The Nile

The Poetry Translation Centre is a fantastic project which I stumbled upon recently. Today’s random poem I read had this to say:

The Nile flows quietly…
Seeping through the city’s silence
And the burning sorrows of the villages.

This from the first Sura of the Poem of the Nile by a leading Sudanese contemporary poet Al-Saddiq Al-Raddi. The original poem was in Arabic and has been translated by Hafiz Khebir and Mark Ford.

The traditional English poems of the Nile reflect on quite different themes: This is Shelley

O’er Egypt’s land of Memory floods are level
And they are thine, O Nile–and well thou knowest
That soul-sustaining airs and blasts of evil
And fruits and poisons spring where’er thou flowest.

And this is Keats:

Son of the old Moon-mountains African!
Chief of the Pyramid and Crocodile!
We call thee fruitful…

Clearly the earlier poets had the Nile as the main hero. Al-Raddi puts the Nile as the silent spectator winding through cities made into ghosts and villages burnt into despair by the civil wars and calamities of Sudan.

Here’s a Flickriver stream of pictures of the Nile as it passes through Sudan.

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The Great Railway Bazaar

Paul Theroux’s The Great Railway Bazaar is a commentary on the world passing by as seen from the window of a train, usually the first class compartment. He starts from London, goes to Paris, takes the Orient Express to Istanbul, crosses to Iran, Pakistan, India, South East Asia, Japan, Russia and then takes the Trans-Siberian Railway all the way back to Europe.

The trip was in 1973. Contemporary descriptions of the different lands Paul go through trigger much thought given the 37 years of upheaval in many of the countries like Iran, Pakistan, India, etc. His describes Teheran with the huge number of American expatriates working on contracts handed out by the Shah of Iran. There is a scene in a bar where brash rednecks take on the local Iranians in a brawl, just for fun. You just say to yourself, hey man, there’s a full revolution on its way.

It is a good read – I am currently reading it, have vicariously traveled with Paul and reached Bombay and specifically Bombay Central where he wants to simply disappear. Like his friend turned foe VS Naipaul in An Area of Darkness, Paul simply chickens out when he sees the crowds.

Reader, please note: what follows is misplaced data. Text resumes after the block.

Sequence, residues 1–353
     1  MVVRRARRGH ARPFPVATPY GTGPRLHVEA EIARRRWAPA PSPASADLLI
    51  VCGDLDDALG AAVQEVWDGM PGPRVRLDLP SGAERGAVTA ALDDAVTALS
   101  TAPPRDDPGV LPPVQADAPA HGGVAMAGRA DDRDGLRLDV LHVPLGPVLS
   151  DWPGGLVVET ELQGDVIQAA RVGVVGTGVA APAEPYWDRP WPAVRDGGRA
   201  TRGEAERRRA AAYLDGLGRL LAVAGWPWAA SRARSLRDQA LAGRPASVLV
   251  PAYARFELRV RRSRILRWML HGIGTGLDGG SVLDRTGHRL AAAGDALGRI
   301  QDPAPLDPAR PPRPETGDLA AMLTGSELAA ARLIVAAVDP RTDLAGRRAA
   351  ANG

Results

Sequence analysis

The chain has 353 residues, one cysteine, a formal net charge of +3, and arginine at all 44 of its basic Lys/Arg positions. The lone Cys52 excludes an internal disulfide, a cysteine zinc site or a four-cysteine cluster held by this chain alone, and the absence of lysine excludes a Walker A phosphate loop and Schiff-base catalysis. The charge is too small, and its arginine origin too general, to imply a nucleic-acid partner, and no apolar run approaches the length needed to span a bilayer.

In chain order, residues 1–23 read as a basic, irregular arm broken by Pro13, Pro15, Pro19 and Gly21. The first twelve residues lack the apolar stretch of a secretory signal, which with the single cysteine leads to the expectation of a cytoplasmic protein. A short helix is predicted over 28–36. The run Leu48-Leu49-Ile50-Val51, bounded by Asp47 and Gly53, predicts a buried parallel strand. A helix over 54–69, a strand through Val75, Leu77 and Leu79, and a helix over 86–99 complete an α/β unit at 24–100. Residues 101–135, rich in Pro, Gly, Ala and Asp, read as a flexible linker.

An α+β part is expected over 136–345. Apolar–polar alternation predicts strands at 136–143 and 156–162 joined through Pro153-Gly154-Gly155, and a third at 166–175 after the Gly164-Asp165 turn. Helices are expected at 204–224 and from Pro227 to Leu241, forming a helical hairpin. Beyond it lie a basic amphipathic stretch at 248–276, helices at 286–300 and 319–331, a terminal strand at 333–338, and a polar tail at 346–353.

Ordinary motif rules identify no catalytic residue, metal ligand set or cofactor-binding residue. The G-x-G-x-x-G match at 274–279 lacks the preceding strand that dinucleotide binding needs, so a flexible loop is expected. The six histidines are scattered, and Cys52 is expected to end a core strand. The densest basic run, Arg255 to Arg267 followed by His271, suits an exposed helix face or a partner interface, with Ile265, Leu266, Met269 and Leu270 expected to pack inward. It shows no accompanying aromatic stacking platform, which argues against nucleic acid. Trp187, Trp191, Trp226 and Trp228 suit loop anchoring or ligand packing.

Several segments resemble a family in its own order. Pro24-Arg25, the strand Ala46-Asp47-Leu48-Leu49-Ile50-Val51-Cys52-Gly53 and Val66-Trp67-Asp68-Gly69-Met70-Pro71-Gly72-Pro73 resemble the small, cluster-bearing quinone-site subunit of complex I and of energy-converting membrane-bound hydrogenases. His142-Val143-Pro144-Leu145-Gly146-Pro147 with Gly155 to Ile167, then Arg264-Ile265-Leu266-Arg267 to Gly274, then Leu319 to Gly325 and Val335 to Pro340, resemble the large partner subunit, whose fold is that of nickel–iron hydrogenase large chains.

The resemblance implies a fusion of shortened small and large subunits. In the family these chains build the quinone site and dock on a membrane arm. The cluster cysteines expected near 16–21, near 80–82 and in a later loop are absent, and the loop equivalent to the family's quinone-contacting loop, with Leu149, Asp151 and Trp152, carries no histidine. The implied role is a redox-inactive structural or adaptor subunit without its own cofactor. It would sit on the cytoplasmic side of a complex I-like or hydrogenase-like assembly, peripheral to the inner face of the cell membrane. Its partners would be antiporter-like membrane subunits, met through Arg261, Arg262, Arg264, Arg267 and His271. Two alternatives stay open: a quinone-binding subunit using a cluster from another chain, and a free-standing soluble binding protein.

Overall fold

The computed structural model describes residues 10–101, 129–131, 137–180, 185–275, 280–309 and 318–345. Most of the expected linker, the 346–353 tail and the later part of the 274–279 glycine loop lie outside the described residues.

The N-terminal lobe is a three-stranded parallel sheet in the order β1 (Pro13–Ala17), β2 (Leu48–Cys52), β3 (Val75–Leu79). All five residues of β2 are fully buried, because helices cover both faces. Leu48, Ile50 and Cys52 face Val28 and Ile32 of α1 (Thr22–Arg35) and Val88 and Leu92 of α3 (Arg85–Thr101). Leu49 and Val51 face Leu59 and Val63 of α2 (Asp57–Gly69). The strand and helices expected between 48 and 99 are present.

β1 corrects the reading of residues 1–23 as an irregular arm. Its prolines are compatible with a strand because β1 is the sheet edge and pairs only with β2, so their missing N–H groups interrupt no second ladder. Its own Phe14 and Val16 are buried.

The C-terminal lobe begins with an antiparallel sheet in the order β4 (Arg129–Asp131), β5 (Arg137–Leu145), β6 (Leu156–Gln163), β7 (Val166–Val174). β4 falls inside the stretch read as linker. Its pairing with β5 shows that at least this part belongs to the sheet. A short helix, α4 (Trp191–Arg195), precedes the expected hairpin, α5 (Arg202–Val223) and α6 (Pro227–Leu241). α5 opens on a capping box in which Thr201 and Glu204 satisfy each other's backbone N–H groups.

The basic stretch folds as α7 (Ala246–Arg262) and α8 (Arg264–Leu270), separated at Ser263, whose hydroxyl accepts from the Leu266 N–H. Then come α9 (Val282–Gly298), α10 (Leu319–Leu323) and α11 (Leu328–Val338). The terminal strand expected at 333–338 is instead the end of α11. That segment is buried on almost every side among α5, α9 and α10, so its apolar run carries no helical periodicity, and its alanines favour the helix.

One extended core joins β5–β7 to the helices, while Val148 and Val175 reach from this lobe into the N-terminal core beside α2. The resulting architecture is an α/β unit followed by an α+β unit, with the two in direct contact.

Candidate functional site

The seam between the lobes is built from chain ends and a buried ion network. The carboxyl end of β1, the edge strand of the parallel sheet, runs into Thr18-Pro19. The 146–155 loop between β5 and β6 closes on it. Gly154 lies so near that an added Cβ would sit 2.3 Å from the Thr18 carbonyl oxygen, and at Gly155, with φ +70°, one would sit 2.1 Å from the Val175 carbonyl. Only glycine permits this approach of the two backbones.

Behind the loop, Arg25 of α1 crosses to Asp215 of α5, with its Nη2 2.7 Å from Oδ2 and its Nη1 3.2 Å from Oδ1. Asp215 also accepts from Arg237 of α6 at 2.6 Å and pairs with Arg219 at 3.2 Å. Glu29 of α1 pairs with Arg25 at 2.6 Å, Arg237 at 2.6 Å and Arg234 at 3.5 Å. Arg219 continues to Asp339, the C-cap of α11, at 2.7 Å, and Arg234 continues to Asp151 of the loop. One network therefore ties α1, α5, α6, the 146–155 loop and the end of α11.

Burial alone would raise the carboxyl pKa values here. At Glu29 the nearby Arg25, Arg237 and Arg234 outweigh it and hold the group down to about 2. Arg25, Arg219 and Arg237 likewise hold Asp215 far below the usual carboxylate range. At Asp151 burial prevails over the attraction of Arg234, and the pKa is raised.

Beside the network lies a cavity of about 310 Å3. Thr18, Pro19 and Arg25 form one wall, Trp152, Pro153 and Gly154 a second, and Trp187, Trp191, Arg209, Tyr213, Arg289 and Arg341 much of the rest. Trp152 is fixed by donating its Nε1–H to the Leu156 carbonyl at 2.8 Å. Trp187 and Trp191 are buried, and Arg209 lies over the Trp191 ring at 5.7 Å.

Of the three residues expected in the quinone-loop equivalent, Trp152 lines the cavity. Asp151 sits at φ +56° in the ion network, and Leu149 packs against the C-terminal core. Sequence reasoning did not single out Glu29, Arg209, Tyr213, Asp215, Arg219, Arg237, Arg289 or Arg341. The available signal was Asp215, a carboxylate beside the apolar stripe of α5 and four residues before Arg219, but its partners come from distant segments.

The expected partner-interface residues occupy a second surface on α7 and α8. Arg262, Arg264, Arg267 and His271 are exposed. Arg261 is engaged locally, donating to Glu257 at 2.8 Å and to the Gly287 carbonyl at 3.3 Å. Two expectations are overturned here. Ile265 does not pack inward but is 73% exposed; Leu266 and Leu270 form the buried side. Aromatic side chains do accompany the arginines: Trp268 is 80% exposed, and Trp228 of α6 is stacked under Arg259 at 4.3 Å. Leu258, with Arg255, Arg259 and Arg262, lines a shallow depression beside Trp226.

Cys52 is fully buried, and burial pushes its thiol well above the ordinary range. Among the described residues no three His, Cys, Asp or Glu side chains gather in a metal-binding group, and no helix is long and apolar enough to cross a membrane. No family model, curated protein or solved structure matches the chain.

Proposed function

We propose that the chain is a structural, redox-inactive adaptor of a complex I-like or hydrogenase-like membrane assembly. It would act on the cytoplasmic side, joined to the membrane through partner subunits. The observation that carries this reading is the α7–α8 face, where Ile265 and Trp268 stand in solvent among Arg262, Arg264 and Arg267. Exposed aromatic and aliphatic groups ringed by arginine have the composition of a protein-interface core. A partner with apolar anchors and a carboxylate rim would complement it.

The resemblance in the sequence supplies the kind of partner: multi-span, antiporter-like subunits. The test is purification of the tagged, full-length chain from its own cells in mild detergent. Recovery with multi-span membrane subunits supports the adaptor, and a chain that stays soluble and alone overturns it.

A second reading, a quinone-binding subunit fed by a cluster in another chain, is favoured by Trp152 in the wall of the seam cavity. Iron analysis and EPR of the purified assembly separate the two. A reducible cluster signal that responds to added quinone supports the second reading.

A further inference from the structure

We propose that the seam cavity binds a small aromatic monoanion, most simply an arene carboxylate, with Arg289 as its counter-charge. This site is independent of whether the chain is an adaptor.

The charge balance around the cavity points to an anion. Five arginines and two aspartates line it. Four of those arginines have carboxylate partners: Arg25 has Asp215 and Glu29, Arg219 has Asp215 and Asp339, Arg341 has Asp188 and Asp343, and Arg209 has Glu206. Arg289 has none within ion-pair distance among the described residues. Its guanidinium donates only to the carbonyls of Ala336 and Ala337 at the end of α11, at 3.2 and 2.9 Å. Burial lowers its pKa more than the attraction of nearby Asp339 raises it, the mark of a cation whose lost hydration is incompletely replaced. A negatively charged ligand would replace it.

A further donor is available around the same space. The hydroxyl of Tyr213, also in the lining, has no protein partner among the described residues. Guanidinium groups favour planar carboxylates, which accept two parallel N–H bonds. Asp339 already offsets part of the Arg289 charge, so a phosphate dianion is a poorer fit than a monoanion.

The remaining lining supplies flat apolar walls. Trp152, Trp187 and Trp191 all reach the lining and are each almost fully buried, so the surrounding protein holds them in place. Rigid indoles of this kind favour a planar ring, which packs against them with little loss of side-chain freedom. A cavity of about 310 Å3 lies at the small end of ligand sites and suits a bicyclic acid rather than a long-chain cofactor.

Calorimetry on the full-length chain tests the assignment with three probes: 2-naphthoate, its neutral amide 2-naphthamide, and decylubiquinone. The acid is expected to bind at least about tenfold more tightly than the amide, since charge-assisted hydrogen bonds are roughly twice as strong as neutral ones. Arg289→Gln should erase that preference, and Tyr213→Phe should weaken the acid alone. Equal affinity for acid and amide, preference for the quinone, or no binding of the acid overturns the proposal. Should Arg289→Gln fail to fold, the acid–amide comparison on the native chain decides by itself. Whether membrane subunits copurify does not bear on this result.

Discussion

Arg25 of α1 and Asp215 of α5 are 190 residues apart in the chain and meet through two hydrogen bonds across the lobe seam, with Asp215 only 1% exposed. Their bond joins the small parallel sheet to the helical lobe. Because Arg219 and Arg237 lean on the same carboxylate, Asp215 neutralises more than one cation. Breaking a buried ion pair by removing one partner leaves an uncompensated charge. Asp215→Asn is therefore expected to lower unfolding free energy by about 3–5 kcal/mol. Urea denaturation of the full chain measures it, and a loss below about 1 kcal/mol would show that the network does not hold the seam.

More about the book after I finish.

The Vagabond

So what is this blog about? Is it just another travel blog? Same old beaches and treks and beautiful buildings and photographs ad infinitum?

Maybe. And possibly some more. I don’t know what I will put on this blog except that it will concern the broad theme of travel. Of living on the road. It could be a pleasure trip. It could be business travel. It could be escaping away. It could be a journey.

I leave the word painting to Robert Louis Stevenson.

Give to me the life I love,
Let the lave go by me,
Give the jolly heaven above
And the byway nigh me.
Bed in the bush with stars to see,
Bread I dip in the river –
There’s the life for a man like me,
There’s the life for ever.

Let the blow fall soon or late,
Let what will be o’er me;
Give the face of earth around
And the road before me.
Wealth I seek not, hope nor love,
Nor a friend to know me;
All I seek, the heaven above
And the road below me.

Or let autumn fall on me
Where afield I linger,
Silencing the bird on tree,
Biting the blue finger.
White as meal the frosty field –
Warm the fireside haven –
Not to autumn will I yield,
Not to winter even!

Let the blow fall soon or late,
Let what will be o’er me;
Give the face of earth around,
And the road before me.
Wealth I ask not, hope nor love,
Nor a friend to know me;
All I ask, the heaven above
And the road below me.

This is the road below me.